Buffer overflow is a very common vulnerability, often targeted with zero-day exploits. Successful attacks often result in arbitrary code execution, while failed attempts tend to crash the target program. ASLR makes this scenario even more common: in this attack example Apache web server is repeatedly crashed until the attacker detects the address of
system() function before it is exploited. The attack requires an average of 32000 attempts.
This made me think: why does Apache allow to be attacked in such obvious way? I would be surprised if properly configured web servers crash more than a couple of times per day in production, so thousands of crashes in a matter of minutes is a strong indicator that:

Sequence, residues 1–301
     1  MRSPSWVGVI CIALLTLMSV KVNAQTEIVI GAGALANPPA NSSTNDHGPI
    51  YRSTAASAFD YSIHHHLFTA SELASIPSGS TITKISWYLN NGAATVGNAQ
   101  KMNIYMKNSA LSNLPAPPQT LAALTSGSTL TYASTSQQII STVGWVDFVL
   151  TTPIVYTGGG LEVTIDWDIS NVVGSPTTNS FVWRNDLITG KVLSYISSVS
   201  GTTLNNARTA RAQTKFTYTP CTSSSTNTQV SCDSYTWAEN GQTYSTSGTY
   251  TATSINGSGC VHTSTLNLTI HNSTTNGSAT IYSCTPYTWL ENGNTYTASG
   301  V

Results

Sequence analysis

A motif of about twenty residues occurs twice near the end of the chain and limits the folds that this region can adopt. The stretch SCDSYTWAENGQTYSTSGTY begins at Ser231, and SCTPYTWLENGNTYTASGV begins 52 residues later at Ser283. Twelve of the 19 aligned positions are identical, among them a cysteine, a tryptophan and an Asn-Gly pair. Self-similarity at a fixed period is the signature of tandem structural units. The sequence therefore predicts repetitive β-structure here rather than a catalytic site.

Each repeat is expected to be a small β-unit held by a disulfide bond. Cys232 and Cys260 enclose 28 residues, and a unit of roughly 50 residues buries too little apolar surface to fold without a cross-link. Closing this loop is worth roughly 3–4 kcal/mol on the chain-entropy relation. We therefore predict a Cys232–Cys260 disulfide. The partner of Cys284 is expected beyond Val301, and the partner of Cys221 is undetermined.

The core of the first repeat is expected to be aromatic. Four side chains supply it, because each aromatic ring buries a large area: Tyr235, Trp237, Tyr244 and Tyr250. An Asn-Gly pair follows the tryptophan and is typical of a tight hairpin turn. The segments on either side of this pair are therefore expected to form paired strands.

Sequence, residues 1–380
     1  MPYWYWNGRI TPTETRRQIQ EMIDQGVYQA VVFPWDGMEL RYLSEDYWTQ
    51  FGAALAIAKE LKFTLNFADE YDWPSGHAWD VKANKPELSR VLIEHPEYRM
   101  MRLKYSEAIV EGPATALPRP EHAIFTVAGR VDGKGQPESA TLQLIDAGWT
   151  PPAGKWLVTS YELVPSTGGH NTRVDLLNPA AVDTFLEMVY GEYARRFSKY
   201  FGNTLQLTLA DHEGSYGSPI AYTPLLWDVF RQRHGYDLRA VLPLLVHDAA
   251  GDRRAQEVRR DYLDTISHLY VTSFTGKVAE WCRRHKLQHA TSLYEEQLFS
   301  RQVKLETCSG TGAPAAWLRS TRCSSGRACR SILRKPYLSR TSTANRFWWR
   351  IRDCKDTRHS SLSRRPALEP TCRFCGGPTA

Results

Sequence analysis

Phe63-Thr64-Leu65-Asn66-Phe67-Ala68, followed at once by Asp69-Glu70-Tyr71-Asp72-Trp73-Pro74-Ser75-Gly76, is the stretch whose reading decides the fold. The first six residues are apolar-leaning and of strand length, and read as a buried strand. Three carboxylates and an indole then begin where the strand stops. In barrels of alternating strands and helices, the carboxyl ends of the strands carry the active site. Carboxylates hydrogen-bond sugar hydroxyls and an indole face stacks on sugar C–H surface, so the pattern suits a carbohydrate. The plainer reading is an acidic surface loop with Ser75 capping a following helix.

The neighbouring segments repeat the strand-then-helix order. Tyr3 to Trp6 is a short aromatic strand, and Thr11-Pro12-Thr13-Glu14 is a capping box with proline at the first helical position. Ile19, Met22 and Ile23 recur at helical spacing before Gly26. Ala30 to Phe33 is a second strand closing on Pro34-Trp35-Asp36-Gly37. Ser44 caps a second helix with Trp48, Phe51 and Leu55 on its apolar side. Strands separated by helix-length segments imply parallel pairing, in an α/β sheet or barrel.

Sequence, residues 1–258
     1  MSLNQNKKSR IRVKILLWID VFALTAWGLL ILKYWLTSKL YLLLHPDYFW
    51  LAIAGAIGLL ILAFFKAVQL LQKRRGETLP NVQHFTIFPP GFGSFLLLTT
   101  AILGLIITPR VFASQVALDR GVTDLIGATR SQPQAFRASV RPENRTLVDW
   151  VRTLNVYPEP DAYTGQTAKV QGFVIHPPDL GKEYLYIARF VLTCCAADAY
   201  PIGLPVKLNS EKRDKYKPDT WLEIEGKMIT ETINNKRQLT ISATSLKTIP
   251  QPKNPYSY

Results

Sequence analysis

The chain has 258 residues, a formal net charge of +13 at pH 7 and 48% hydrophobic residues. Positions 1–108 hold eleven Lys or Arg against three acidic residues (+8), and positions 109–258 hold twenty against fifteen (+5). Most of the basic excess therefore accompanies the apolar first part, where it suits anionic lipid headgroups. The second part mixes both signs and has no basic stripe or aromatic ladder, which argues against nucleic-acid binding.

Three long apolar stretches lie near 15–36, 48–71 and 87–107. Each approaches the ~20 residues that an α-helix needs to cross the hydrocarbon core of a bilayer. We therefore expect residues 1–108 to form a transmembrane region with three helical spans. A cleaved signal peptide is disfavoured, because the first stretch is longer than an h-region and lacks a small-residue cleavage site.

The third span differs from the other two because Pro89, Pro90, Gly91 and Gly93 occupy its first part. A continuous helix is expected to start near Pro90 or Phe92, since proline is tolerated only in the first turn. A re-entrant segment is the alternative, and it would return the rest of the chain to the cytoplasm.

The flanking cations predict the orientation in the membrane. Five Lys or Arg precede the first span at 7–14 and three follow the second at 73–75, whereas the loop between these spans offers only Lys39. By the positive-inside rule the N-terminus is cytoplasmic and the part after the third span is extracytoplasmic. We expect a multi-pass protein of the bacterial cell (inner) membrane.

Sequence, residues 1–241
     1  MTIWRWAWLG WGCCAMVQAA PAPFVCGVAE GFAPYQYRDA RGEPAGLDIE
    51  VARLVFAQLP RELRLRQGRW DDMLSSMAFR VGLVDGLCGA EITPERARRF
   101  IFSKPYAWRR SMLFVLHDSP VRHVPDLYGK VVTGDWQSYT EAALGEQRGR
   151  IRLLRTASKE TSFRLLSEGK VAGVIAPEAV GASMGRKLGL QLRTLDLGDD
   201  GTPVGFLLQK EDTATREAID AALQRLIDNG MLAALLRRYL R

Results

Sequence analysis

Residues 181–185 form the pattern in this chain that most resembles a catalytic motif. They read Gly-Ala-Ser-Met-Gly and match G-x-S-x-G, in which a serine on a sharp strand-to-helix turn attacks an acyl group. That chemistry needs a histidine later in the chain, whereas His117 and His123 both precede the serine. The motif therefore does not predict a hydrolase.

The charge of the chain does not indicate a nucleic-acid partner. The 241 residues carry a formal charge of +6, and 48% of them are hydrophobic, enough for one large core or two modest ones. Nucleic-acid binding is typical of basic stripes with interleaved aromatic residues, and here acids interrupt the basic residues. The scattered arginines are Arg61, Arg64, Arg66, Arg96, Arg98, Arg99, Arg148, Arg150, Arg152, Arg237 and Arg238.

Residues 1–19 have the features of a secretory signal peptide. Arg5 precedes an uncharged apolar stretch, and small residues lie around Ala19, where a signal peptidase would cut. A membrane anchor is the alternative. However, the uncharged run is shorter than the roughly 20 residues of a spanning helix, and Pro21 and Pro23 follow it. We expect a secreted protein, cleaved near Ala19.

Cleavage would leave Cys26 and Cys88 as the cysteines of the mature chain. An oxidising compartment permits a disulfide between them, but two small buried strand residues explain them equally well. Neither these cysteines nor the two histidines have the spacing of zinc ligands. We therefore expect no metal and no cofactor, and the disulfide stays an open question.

- an attack is going on
- it is actually succeeding, i.e. buffer overflow does happen
In the event of a zero-day exploit, banning the attacker's IP for a day or stopping the server altogether after 10 or so crashes would provide enough time to apply a fix and make a big difference in security.
Is there a way to enforce such a security policy for popular services like Apache,
sshd and similar? Or are there HTTP and SSH servers which have such functionality built in?